TOKYO — A much relieved James Cameron said Monday he was happy with the warm reception his megabudget movie “Titanic” got at its world premiere Saturday in Tokyo.
“I had an instinct that the Japanese audience would embrace a serious subject that had a strong emotional component to it, and from what I can tell so far from the initial reaction, it looks like we were right,” Cameron said at a news conference.
About 2,200 people, mostly screeching fans of “Titanic” star Leonardo DiCaprio, went to see the premiere during its screening at the Tokyo Intl. Film Festival.
The Tokyo launch went off without a snag, and the film seems certain to do well at the box office in Japan, potentially the most lucrative overseas market for the $200 million-plus movie.
Cameron said high expectations and bad luck pushed up production costs and pushed back the release date for the disaster epic. The director defended the huge chunk of change that was spent on the movie.
“What you will lose as a result of a film like ‘Titanic’ is maybe three Steven Segal films,” Cameron said.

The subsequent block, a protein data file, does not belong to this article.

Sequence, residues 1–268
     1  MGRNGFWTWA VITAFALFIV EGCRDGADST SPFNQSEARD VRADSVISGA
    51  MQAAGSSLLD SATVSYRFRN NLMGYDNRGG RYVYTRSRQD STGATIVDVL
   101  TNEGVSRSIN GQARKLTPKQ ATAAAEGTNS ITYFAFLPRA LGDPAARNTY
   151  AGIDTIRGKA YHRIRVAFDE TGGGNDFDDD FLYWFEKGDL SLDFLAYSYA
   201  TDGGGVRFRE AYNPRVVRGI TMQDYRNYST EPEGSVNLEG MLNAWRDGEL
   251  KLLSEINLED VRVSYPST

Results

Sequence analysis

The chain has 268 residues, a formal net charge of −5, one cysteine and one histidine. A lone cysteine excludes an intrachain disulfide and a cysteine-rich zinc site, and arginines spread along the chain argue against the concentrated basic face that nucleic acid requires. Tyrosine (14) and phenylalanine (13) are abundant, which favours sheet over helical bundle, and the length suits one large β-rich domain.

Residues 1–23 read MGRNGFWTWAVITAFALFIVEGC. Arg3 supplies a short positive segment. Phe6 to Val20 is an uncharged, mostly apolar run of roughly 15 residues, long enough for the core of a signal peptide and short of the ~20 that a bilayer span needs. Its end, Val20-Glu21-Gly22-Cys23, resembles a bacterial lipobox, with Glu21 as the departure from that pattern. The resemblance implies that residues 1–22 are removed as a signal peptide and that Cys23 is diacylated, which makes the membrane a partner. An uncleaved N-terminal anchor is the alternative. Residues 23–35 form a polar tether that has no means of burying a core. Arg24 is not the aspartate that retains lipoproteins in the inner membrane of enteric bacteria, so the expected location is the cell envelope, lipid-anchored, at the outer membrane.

The movie will premiere next in London on Nov. 18 and Cameron said he will leave it up to audiences to decide if the production cost for “Titanic” was money well spent.
Producer Jon Landau said he was thrilled with the reception the film received in Tokyo. He said the production costs went directly into making the film and were not diverted into $20 million contracts for top-line talent.
Landau, who will travel with Cameron to London, said the movie’s high budget was a boon for economies in places such as Baja, Mexico, and Halifax, Canada, where filming took place.
DiCaprio hinted at the press conference that Cameron may be looking toward smaller projects in the future. The actor said he discussed some upcoming film projects with the director.
“We talked about it, and he had the idea of doing a smaller film,” DiCaprio said, adding any film would be small in comparison with “Titanic.”